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About this poet

Matthew Olzmann was born in Detroit, Michigan. He received a BA from the University of Michigan–Dearborn and an MFA from Warren Wilson College. He is the author of Contradictions in the Design (Alice James Books, 2016) and Mezzanines (Alice James Books, 2013), winner of the 2011 Kundiman Poetry Prize. Olzmann has received fellowships from the Kresge Arts Foundation and Kundiman, among others. He teaches at Warren Wilson College and lives in North Carolina with his wife, the poet Vievee Francis.

Astronomers Locate a New Planet

“Because it is so dense, scientists calculate the carbon must be crystalline, so a large part of this strange world will effectively be diamond.”
—Reuters, 8/24/2011

Like the universe’s largest engagement ring, it twirls
and sparkles its way through infinity.
The citizens of the new world know about luxury.
They can live for a thousand years.
Their hearts are little clocks
with silver pendulums pulsing inside,
Eyes like onyx, teeth like pearl.
But it’s not always easy. They know hunger.
They starve. A field made of diamond
is impossible to plow; shovels crumble and fold
like paper animals. So frequent is famine,
that when two people get married,
one gives the other a locket filled with dirt.
That’s the rare thing, the treasured thing, there.
It takes decades to save for,
but the ground beneath them glows,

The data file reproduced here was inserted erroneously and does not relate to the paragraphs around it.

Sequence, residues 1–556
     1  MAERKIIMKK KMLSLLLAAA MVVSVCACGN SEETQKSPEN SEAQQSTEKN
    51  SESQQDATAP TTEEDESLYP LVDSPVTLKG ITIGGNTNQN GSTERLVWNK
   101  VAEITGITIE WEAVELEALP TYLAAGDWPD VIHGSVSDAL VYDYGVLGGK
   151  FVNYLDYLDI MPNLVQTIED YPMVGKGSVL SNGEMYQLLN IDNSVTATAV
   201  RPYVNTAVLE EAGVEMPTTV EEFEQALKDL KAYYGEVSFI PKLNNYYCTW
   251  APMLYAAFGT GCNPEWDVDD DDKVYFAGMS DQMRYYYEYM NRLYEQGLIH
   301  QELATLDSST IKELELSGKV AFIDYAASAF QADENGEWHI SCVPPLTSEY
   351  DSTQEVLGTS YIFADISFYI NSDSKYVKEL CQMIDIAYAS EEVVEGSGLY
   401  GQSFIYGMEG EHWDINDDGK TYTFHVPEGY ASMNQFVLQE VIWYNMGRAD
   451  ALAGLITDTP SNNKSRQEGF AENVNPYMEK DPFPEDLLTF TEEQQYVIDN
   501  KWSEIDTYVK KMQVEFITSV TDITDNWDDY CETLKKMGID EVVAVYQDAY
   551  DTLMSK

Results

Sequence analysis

and people find a way.

On Earth, when my wife is sleeping,
I like to look out at the sky.
I like to watch TV shows about supernovas,
and contemplate things that are endless
like the heavens and, maybe, love.
I can drink coffee and eat apples whenever I want.
Things grow everywhere, and so much is possible,
but on the news tonight: a debate about who
can love each other forever and who cannot.

There was a time when it would’ve been illegal
for my wife to be my wife. Her skin,
my household of privilege. Sometimes,
I wish I could move to another planet.
Sometimes, I wonder what worlds are out there.
I turn off the TV because the news rarely makes
the right decision on its own. But even as the room
goes blacker than the gaps between galaxies,
I can hear the echoes: who is allowed to hold
the ones they wish to hold, who can reach
into the night, who can press his or her
own ear against another’s chest and listen
to a heartbeat telling stories in the dark.

Matthew Olzmann, “Astronomers Locate a New Planet” from Contradictions in the Design. Copyright © 2016 by Matthew Olzmann. Used with the permission of Alice James Books, www.alicejamesbooks.org.

Matthew Olzmann, “Astronomers Locate a New Planet” from Contradictions in the Design. Copyright © 2016 by Matthew Olzmann. Used with the permission of Alice James Books, www.alicejamesbooks.org.

Matthew Olzmann

Matthew Olzmann

Matthew Olzmann is the author of Contradictions in the Design (Alice James Books, 2016). He lives in North Carolina.

by this poet

poem

By the doorstep of The Museum,
the Duplicate is frustrated.
Like the offspring of a rock star or senator,
no matter what he does, it’s never enough.
He only wants to think dignified thoughts,
important thoughts, thoughts that will imprint
like an artist’s signature on the memory of

poem

No longer satisfied by the way time slips
through his life’s work, the maker
of hourglasses yearns for a change.

He elects to construct a staircase instead.
Rather than grains of sand,
he’ll manufacture one stair after another
to lament every transient second.

Look at it now! It

poem

Most likely, you think we hated the elephant,
the golden toad, the thylacine and all variations
of whale harpooned or hacked into extinction.

It must seem like we sought to leave you nothing
but benzene, mercury, the stomachs
of seagulls rippled with jet fuel and plastic. 

You

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